23392442 View in PubMed
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Intercity transferability of land use regression models for estimating ambient concentrations of nitrogen dioxide.

https://arctichealth.org/en/permalink/ahliterature157833
Source
J Expo Sci Environ Epidemiol. 2009 Jan;19(1):107-17
Publication Type
Article
Date
Jan-2009
Author
Karla Poplawski
Timothy Gould
Eleanor Setton
Ryan Allen
Jason Su
Timothy Larson
Sarah Henderson
Michael Brauer
Perry Hystad
Christy Lightowlers
Peter Keller
Marty Cohen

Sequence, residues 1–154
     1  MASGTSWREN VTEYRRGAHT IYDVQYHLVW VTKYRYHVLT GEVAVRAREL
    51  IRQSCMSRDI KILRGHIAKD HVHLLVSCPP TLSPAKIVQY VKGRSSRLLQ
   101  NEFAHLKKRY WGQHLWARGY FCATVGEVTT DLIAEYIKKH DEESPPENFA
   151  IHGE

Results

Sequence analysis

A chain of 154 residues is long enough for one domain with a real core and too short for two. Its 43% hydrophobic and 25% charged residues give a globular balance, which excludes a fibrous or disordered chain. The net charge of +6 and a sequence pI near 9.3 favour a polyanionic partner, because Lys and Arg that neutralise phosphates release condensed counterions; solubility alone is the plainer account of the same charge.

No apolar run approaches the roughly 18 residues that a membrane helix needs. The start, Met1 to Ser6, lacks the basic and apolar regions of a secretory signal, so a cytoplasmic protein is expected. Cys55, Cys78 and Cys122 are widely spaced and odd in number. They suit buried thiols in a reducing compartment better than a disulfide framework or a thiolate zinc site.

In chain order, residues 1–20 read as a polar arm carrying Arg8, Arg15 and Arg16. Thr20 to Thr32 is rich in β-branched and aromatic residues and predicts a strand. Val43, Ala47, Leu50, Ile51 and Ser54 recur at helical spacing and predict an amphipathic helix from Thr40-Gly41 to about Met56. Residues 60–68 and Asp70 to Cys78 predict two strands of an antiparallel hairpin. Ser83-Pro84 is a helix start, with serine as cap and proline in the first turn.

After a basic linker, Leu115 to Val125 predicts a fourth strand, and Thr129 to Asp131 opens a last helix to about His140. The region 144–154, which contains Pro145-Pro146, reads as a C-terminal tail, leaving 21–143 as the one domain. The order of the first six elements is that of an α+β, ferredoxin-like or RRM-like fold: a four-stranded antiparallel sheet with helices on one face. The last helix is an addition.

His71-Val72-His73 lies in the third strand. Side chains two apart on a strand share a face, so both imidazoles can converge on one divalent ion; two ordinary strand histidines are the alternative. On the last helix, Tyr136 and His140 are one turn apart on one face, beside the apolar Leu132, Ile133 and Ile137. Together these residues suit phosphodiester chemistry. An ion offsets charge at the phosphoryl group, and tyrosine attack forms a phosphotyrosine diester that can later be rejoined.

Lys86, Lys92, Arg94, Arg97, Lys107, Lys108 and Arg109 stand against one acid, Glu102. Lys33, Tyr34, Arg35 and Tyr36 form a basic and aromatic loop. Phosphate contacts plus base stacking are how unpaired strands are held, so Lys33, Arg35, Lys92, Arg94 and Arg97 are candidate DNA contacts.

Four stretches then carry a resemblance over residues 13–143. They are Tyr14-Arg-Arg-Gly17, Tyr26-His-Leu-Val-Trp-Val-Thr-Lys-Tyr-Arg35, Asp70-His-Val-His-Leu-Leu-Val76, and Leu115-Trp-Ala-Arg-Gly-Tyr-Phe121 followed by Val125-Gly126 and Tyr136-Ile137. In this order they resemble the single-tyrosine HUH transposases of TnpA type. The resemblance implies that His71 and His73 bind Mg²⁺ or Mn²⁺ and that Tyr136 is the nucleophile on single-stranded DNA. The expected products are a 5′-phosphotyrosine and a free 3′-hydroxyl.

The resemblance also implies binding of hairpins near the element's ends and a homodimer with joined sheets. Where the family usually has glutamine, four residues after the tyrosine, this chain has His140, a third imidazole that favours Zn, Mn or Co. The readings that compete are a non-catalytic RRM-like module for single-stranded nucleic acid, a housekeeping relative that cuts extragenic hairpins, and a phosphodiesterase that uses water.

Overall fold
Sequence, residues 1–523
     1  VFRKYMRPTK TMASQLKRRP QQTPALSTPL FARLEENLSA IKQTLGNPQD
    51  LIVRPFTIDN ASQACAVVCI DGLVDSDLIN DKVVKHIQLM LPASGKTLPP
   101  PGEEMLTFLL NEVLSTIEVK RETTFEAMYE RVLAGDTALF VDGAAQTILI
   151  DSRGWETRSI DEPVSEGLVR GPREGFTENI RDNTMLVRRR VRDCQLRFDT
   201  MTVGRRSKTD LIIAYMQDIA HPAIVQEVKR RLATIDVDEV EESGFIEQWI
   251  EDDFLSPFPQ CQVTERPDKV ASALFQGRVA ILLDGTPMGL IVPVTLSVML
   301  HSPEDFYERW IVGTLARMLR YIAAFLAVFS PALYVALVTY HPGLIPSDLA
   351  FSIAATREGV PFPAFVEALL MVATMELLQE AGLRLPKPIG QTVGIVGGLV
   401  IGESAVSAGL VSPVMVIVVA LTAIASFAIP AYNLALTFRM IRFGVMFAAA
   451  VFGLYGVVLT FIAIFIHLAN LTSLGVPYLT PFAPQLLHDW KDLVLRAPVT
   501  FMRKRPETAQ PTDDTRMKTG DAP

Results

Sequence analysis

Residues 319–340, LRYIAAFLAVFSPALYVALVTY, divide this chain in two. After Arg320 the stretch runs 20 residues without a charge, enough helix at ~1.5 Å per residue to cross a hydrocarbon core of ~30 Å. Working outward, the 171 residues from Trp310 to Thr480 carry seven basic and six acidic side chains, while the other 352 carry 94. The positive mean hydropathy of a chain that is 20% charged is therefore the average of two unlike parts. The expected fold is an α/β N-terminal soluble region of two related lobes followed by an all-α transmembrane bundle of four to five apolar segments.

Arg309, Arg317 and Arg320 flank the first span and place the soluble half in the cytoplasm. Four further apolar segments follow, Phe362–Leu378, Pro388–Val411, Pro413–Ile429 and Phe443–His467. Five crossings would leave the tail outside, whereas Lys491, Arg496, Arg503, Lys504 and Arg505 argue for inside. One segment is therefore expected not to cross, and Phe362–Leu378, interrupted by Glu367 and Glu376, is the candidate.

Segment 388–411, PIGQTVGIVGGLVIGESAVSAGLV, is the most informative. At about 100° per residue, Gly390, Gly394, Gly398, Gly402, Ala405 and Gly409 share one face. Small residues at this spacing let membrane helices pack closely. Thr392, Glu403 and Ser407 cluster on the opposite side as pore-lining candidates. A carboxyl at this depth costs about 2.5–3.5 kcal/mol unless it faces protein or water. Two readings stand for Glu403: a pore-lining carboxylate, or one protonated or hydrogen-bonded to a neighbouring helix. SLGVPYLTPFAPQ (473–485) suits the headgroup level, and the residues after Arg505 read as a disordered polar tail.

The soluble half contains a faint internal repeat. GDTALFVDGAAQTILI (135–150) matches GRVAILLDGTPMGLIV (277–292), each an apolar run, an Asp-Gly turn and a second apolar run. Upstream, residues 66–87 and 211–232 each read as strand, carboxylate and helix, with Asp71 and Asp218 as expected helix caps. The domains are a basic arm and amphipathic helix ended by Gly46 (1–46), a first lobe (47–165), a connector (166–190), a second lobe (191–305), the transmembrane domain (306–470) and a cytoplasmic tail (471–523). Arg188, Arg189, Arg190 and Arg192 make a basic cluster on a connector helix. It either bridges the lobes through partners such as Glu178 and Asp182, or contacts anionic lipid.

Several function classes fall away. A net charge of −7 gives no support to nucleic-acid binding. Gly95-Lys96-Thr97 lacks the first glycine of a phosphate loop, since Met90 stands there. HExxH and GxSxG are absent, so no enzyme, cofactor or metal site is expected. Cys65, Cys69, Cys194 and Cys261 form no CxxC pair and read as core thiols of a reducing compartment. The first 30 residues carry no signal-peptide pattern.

Carlos Silva
Mike Buzzelli
Author Affiliation
Spatial Sciences Research Laboratory, Department of Geography, University of Victoria, Victoria, British Columbia, Canada. poplawski@alumni.uvic.ca
Source
J Expo Sci Environ Epidemiol. 2009 Jan;19(1):107-17
Date
Jan-2009
Language
English
Publication Type
Article
Keywords
Air Pollutants - analysis
Canada - epidemiology
Cities - epidemiology
Environmental Monitoring - methods - statistics & numerical data
Epidemiological Monitoring
Geography
Humans
Models, Biological
Models, Statistical
Nitrogen Dioxide - analysis
Regression Analysis
United States - epidemiology
Urban health
Abstract